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Hudson v. Home Depot, U.S.A., Inc.

United States District Court, D. Idaho

January 29, 2015

HOME DEPOT, U.S.A., INC., a Delaware Corporation, d.b.a. THE HOME DEPOT, Defendant.


WILLIAM B. SHUBB, District Judge.

Plaintiff brought this action against her former employer, Home Depot, alleging Home Depot relied on her Family Medical Leave Act ("FMLA")-qualifying absences as a negative factor in its decision to terminate her employment. Presently before the court is Home Depot's motion for summary judgment pursuant to Federal Rule of Civil Procedure 56.

I. Factual and Procedural Background

Home Depot hired plaintiff as a part-time cashier in October 2001. (Williams Decl. Ex. L ("Hudson Dep.") at 16:10-22, 19:2) (Docket No. 25-1).) Plaintiff then moved into a full-time special service desk position, in which she served customers picking up special orders, called vendors for updates and price points, offered credit and installations, directed customers to the appropriate associate who could provide assistance, and handled customer complaints. (Id. at 20:7-12.)

At the time Home Depot first hired plaintiff, it utilized a point system for attendance issues, whereby associates accrued points for absences or tardiness. (Quanstrom Decl. ¶ 4 (Docket No. 21-29.) Under this new system, when an employee's absences or tardies exceeded a designated number, he or she would be subject to discipline. (Id.) In June 2010, Home Depot changed its policy, abandoning the point system in favor of a more flexible system. (Id. ¶ 5.) When an associate had greater than three to five unexcused attendance or punctuality issues within a twelve-month period despite having been warned about the consequences of failing to improve, a manager was supposed to conduct a "final counseling session." (Id.) The written policy stated that "there is no policy governing the precise number of days absent or late that will result in disciplinary action because the discipline that is appropriate will vary according to the circumstances." (Id.)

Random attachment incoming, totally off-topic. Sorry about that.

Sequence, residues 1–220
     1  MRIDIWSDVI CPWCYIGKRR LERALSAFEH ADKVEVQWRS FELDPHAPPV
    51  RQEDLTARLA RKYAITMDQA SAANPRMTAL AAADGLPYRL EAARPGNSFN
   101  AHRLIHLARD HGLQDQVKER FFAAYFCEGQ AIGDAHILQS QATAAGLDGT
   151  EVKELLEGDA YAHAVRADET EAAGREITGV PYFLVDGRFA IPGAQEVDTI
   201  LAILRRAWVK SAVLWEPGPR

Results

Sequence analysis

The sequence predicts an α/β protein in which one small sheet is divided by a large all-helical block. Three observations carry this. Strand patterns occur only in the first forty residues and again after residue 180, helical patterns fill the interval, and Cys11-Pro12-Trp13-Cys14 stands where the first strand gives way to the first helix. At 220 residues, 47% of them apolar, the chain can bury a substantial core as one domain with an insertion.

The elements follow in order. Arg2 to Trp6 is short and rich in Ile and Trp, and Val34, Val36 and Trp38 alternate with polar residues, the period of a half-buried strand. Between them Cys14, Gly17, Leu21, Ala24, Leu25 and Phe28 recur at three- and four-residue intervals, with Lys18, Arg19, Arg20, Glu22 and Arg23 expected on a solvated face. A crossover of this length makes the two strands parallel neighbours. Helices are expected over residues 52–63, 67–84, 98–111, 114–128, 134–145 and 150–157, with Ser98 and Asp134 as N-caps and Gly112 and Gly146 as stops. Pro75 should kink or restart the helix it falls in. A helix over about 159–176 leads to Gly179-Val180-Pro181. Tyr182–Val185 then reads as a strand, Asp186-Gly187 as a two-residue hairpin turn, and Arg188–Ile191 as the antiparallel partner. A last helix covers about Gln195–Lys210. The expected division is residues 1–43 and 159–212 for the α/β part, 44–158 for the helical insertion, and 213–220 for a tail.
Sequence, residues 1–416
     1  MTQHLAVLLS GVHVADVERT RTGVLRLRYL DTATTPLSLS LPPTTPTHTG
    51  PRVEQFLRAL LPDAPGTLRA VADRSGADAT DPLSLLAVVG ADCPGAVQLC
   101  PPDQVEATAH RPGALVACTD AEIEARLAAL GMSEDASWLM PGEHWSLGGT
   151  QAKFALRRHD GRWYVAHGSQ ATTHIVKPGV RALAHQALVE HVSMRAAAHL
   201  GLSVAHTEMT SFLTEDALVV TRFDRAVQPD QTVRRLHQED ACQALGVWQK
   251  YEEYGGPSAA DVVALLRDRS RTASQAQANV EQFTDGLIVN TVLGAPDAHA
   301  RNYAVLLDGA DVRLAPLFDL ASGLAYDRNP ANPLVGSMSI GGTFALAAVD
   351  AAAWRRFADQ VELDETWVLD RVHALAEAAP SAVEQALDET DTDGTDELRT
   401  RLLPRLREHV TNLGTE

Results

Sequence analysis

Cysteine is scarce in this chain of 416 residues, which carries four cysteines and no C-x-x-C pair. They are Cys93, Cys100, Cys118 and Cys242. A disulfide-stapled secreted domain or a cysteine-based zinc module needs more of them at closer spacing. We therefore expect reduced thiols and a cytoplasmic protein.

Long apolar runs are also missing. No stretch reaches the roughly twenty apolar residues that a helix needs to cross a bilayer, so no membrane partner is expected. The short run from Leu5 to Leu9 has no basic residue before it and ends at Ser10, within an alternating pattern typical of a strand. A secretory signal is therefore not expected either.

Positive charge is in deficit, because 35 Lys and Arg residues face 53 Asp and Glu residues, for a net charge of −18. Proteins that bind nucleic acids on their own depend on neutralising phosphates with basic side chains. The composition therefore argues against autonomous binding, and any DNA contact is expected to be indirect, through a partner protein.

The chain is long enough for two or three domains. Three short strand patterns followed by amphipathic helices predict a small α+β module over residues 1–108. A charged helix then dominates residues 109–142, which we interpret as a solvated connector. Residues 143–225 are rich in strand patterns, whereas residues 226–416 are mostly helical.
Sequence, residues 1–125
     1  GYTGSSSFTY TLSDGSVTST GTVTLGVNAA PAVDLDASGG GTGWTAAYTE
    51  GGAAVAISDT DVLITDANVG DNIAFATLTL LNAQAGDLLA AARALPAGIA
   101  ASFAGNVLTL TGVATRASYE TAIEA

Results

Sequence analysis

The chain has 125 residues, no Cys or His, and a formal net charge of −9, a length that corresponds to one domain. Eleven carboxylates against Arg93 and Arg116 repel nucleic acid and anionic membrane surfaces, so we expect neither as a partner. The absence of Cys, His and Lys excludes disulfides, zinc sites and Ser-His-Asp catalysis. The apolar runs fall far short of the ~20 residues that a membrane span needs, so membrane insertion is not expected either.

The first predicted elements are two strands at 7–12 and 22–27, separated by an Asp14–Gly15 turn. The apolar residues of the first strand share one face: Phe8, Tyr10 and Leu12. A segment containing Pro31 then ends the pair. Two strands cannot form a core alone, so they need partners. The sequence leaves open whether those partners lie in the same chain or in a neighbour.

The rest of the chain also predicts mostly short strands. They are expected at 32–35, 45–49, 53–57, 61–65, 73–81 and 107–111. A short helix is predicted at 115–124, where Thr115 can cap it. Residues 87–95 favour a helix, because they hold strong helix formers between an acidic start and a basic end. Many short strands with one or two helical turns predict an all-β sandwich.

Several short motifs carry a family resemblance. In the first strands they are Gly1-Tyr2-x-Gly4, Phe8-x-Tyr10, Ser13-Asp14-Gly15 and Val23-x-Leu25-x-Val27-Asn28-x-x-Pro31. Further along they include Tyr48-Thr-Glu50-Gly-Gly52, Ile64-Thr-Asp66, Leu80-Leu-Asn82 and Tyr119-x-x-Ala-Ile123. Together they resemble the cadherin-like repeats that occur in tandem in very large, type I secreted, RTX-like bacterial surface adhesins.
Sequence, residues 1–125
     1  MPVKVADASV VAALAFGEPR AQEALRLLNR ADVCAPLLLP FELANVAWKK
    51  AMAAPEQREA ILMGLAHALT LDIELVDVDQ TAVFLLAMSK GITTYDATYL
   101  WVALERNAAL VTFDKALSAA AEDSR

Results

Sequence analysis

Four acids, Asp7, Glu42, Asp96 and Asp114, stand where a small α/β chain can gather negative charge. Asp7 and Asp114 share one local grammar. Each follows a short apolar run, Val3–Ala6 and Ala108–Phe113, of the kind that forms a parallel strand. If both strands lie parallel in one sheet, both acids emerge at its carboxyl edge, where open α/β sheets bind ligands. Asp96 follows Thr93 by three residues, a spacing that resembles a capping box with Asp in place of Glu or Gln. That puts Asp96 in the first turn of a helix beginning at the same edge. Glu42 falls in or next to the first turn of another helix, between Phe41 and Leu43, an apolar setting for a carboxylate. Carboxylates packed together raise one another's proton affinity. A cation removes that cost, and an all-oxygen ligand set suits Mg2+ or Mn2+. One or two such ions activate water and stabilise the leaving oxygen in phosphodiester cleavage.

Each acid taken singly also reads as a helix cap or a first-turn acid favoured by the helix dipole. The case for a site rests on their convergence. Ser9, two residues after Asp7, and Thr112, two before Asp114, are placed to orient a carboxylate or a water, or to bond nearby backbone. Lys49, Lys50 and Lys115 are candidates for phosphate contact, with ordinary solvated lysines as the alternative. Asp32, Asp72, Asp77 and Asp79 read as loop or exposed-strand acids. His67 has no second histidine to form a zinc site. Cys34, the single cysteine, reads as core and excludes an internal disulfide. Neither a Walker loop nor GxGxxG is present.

Plaintiff's mother began having severe health issues in 2004. (Hudson Decl. ¶ 4 (Docket No. 24).) Plaintiff provided care to her mother, which caused her to be late to work and occasionally absent. (Id.) Plaintiff states that when she had to be late or absent, she called into work and spoke to the manager on duty to inform him or her of the absence or tardiness and explain that she was taking care of her ill mother.[1] (Id. ¶ 5.) Each time, the manager on duty told her that she need not worry, that she should do what she needed to do to care for her mother, and that the tardiness or absence would be excused. (Id.)

Plaintiff's absences and tardies persisted during the period from 2003 to 2011.[2] According to a chart prepared by plaintiff to explain those attendance occurrences during her last year of employment, from the period of November 2010 to March 2011, plaintiff was absent once and tardy nine times where the reason was caring for her mother. (Henderson Decl. Ex. 25 (Docket No. 21-28).) During that same period, plaintiff also noted some tardies were for other reasons, including plaintiff's knee injuries, a welfare appointment, and a doctor's visit. (Id.)